This article originally appeared on Entheonation.
Ayahuasca is one of the strongest, wildly potent psychotropic substances in the multiverse. She can catapult any brave soul who gobbles down her tea into a tirade of terror so intensely convincing, death can feel like a blessing. There are a bazillion tales of massive breakdowns caused by Ayahuasca on the web, and yet many are choosing to make their own brew and drink Aya all by their lonesome.
Is this a good idea? Should anyone ever drink Ayahuasca alone?
If you’re a Westerner reading these words and contemplating this option, the answer is a resounding, blazingly loud NO. DON’T DO IT.
But there are exceptions (aren’t there always?)
Let me explain.
Ayahuasca is Different than Other Altered States
Many who are called to drink Aya have already jumped down the rabbit hole many times. Aya is the ultimate consciousness expander, so it makes sense that many folks who find their way to the medicine have already journeyed with things like Ganja, San Pedro, mushrooms, LSD, etc.
Even if you’re an old pro at navigating these spaces, you are not trained to handle the true depths of Ayahuasca.
Aya is like other altered spaces in that she brings light to the unconscious, and has the capacity to take us on that delicious cosmic ride. There can be brilliantly colorful visions, incredibly expansive experiences, and awesome access to the secrets of the universe.
Her differences, however, need to be respected, or the results could be traumatic.
Ayahuasca is the medicine of duality. So although she takes us out into the cosmos, she also takes us deep, deep within ourselves. She is the ultimate teacher of, “as within, so without.”
This is where the chaos can kick in. The dark nights of the soul Ayahuasca can induce involve bringing our demons to light. Some of us surrender into that blessing, but most of us fight like hell, at least in the beginning.
Resistance creates suffering. Suffering creates a desire to escape. And an ego that wants to escape a psychedelic has just entered a full-on Chinese finger trap.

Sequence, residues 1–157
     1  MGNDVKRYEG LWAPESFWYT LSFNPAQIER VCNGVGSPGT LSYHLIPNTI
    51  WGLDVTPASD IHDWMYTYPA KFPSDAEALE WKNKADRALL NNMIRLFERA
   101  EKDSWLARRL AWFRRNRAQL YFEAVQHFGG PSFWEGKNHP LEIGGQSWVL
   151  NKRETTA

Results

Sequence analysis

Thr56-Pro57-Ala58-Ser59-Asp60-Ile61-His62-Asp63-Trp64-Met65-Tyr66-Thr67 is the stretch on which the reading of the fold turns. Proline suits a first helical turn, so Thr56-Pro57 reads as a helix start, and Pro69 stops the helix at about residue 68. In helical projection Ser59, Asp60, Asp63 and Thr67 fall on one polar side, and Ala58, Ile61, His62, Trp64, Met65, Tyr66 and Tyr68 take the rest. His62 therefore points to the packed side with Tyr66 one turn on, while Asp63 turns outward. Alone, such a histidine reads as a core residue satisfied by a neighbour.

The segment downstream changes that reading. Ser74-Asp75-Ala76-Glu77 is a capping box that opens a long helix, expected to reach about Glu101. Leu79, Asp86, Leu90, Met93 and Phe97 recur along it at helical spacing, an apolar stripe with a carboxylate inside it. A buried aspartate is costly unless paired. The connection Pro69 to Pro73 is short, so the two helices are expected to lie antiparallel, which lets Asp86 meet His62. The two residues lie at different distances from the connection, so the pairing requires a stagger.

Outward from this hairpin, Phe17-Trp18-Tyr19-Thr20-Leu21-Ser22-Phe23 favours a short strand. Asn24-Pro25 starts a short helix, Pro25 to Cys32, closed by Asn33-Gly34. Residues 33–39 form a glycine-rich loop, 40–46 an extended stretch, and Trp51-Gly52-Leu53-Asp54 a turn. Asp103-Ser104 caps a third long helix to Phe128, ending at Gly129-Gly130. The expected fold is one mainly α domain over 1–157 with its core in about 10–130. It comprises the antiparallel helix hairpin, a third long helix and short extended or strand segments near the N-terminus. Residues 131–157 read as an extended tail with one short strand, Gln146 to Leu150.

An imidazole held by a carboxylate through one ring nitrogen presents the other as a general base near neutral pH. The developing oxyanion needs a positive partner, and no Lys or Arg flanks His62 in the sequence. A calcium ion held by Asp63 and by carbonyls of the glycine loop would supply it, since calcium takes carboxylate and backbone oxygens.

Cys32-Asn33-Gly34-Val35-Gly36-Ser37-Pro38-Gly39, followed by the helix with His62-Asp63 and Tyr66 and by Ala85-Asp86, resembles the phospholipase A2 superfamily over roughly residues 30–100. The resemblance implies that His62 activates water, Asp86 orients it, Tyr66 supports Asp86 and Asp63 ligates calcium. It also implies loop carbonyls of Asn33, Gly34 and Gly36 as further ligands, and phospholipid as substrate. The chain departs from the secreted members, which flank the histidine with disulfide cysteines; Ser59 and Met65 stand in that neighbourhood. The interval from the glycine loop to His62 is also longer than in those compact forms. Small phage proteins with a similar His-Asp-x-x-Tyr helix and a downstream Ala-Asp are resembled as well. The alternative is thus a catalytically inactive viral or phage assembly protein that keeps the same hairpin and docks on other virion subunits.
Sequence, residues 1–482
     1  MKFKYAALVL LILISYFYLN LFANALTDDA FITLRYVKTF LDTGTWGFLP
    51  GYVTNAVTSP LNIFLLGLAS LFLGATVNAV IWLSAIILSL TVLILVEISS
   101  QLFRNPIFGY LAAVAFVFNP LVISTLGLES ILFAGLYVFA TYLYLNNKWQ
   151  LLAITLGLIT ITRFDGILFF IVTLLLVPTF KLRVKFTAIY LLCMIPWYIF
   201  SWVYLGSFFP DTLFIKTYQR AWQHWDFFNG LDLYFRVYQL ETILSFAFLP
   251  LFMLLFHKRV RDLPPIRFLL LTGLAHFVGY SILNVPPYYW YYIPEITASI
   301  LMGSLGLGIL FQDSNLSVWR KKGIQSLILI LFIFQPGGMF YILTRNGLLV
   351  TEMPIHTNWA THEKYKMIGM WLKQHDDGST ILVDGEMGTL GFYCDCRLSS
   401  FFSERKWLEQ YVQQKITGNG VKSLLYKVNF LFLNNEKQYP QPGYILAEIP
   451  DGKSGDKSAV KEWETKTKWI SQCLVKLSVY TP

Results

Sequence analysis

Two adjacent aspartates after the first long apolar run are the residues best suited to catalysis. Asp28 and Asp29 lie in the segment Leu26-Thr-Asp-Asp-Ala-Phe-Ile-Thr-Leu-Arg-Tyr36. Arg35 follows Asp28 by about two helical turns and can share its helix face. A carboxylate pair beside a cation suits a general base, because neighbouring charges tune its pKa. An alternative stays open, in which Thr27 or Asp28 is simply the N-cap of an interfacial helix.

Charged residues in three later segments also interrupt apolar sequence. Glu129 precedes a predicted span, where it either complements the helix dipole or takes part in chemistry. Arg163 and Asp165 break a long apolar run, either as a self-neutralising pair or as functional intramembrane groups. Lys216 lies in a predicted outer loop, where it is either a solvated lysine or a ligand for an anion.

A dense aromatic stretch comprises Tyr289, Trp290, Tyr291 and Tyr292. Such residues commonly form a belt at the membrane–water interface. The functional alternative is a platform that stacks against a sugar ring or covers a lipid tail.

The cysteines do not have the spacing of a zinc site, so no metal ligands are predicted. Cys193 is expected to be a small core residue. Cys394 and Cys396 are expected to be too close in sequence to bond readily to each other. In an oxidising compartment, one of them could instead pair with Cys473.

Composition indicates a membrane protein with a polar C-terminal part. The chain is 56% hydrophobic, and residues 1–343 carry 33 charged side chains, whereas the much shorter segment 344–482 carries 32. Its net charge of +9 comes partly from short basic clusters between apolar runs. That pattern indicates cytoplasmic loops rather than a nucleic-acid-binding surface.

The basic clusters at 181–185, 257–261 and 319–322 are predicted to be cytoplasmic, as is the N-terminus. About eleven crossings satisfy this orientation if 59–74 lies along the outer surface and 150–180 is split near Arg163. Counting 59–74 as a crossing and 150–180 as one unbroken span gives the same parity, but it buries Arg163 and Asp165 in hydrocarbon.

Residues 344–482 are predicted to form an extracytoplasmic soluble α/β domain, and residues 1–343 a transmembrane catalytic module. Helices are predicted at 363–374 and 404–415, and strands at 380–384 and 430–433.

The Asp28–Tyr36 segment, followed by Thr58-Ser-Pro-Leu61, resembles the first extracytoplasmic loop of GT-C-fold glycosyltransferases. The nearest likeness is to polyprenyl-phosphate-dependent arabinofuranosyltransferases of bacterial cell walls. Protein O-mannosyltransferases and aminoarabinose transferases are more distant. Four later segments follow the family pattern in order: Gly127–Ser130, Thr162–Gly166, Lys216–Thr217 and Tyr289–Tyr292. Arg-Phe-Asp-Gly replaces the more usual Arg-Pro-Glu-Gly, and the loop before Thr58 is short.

Try to fight with Ayahuasca, and you will lose. In this case, losing means potentially freaking out. Even if you’ve never been brought to your knees by another psychedelic, the Mother of Medicines can get you there.
If you need to be humbled, and most of us do, Ayahuasca will gladly take on the task. She will show you no mercy (which is actually a reflection of her love.). And if you’re by yourself when this occurs, there’s no limit to what might happen in that space of total panic.
Why it’s a Horrific Idea to Drink Ayahuasca Without a Guide
Would you ever contemplate doing your own dental work?
How about teaching yourself to skydive?
Would you ever perform surgery on yourself?
Choosing to do Ayahuasca without a trained shaman is just as ill-advised as taking on all of the above.
A trained Ayahuasquero has spent no less than 12 years (in traditional culture) with a maestro, learning the intangible lessons of this mysterious energetic process. They have already faced the darkness within themselves hundreds of times. While they may not be fearless, they have developed a deeply intimate relationship with the medicine that is anchored in unconditional trust.
They know how to handle psychotic breaks. They know how to handle a room full of intense purging and waves of traumatic release.
A great shaman is a guide into the beautiful unknown. They are confident and compassionate. And well equipped to handle any egoic meltdown.
Drinking Ayahuasca without the presence of an expert means that you’re on your own if the shit hits the fan. There is absolutely no possible way you are immune to a meltdown, no matter how many trips you have successfully navigated. And there is no possible way you can know how wildly intense this can be. How vulnerable you could become. How dangerous you could be to yourself if the medicine were to take you into the depths of your unconscious fears.